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When people predict that certain result will not take place

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When people predict that certain result will not take place [#permalink] New post 12 Mar 2007, 15:53
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A
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C
D
E

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When people predict that certain result will not take place unless a certain action is taken, they believe that they have learned that the prediction is correct when the action is taken and the result occurs. On reflection, however, it often becomes clear that the result admits of more than one interpretation.
Which of the following, if true, best supports the claims above?

(A) Judging the success of an action requires specifying the goal of the action.
(B) Judging which action to take after a prediction is made requires knowing about other actions that have been successful in similar past situations.
(C) Learning whether a certain predictive strategy is good requires knowing the result using that strategy through several trials.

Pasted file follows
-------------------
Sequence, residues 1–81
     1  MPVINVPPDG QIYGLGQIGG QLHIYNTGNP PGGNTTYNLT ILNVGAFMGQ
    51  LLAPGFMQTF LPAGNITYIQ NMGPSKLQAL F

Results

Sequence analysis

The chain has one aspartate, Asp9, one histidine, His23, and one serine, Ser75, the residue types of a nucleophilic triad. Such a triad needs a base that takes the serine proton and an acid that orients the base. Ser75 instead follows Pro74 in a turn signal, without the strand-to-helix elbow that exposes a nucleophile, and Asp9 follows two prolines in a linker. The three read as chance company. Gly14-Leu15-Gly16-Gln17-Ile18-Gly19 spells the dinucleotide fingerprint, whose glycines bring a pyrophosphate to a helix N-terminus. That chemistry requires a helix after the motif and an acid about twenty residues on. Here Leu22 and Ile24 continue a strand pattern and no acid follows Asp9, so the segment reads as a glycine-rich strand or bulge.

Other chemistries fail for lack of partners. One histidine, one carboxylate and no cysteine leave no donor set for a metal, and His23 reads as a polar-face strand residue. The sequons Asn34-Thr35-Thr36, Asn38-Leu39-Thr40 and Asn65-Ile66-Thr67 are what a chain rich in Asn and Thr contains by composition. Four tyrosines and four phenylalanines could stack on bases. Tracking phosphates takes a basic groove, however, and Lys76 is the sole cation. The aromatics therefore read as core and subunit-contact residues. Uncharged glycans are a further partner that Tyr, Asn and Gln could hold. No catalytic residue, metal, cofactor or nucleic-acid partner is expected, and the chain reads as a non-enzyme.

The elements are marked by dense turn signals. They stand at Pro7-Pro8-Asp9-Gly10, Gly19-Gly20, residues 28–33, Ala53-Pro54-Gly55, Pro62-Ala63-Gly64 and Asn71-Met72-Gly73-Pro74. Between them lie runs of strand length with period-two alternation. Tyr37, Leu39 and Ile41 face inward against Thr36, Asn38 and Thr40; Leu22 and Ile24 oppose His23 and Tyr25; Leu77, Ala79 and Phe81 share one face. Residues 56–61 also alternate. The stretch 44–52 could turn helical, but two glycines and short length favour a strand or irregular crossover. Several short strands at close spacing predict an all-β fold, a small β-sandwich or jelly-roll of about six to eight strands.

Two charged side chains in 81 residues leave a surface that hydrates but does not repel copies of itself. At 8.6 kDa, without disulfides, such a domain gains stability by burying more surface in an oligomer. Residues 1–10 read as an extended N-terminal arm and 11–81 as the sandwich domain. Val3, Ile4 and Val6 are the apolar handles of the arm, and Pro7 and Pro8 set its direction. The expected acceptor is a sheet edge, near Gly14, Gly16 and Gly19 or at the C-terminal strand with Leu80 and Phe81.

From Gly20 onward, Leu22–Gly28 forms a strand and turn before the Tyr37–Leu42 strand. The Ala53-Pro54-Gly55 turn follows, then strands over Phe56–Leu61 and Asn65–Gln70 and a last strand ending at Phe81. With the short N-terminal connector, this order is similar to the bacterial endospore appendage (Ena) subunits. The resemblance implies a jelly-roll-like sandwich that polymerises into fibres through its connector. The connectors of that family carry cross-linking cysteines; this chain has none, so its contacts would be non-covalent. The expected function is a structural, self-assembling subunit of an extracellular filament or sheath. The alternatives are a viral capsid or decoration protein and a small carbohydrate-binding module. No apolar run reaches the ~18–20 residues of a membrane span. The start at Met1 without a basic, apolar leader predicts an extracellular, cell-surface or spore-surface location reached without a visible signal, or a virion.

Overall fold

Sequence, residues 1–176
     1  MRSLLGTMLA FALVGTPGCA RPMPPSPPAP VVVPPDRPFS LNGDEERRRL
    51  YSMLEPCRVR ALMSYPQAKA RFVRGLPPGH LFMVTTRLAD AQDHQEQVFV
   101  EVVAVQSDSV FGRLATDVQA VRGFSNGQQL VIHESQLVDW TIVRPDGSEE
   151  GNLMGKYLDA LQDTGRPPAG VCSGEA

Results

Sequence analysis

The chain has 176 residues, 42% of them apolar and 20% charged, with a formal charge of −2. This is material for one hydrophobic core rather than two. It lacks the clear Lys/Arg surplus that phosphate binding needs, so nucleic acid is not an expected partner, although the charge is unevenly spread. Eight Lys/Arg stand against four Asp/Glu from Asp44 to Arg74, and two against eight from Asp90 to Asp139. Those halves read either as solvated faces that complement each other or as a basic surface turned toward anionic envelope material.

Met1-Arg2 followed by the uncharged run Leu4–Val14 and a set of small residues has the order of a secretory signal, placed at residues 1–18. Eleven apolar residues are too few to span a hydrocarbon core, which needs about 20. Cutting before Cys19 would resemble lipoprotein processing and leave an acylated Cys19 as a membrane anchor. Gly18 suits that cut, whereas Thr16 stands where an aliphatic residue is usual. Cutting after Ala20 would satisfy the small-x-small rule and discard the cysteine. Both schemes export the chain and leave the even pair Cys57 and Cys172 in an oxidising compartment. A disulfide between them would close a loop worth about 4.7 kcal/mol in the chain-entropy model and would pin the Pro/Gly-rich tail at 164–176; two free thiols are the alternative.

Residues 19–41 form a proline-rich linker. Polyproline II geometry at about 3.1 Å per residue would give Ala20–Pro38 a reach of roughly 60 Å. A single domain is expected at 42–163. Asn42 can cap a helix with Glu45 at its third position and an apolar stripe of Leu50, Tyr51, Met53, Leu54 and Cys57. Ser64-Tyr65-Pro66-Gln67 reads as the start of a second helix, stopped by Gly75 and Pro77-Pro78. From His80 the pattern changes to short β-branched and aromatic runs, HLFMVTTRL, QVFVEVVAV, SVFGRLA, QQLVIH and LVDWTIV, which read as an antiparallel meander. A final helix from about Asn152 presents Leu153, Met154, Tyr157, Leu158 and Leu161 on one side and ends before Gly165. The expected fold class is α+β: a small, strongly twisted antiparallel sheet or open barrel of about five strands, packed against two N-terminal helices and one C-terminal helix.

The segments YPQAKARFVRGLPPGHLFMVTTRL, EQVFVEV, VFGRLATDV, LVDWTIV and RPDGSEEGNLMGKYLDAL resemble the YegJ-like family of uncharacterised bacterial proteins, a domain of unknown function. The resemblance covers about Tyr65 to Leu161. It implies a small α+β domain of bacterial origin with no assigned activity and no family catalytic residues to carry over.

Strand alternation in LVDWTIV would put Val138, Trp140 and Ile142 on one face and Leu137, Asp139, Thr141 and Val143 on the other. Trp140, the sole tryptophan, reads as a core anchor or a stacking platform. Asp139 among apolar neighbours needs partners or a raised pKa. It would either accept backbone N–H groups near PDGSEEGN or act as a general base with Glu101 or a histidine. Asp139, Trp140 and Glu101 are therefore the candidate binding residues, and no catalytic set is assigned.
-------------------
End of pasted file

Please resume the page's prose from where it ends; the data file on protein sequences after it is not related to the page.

(D) Distinguishing a correct prediction and effective action from an incorrect prediction and ineffective action is often impossible.
(E) Making a successful prediction requires knowing the facts about the context of that prediction.
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Re: CR - prediction and action [#permalink] New post 12 Mar 2007, 16:25
amd08 wrote:
When people predict that certain result will not take place unless a certain action is taken, they believe that they have learned that the prediction is correct when the action is taken and the result occurs. On reflection, however, it often becomes clear that the result admits of more than one interpretation.
Which of the following, if true, best supports the claims above?

(A) Judging the success of an action requires specifying the goal of the action.
(B) Judging which action to take after a prediction is made requires knowing about other actions that have been successful in similar past situations.
(C) Learning whether a certain predictive strategy is good requires knowing the result using that strategy through several trials.
(D) Distinguishing a correct prediction and effective action from an incorrect prediction and ineffective action is often impossible.
(E) Making a successful prediction requires knowing the facts about the context of that prediction.

Is it (B) ?
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 [#permalink] New post 12 Mar 2007, 16:35
not B. I have the answer but no explanation from a question set. Will post it though after few more replies. Pls. explain the reason behind your answer
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 [#permalink] New post 12 Mar 2007, 19:04
I guess the answer is E

My explanation

A not a choice due to the fact that it speaks about success and not prediction - so irrelavant

B not a choice as the whole conversation is about not being able to predict even after a successful result. i would like to keep it as my second best just in case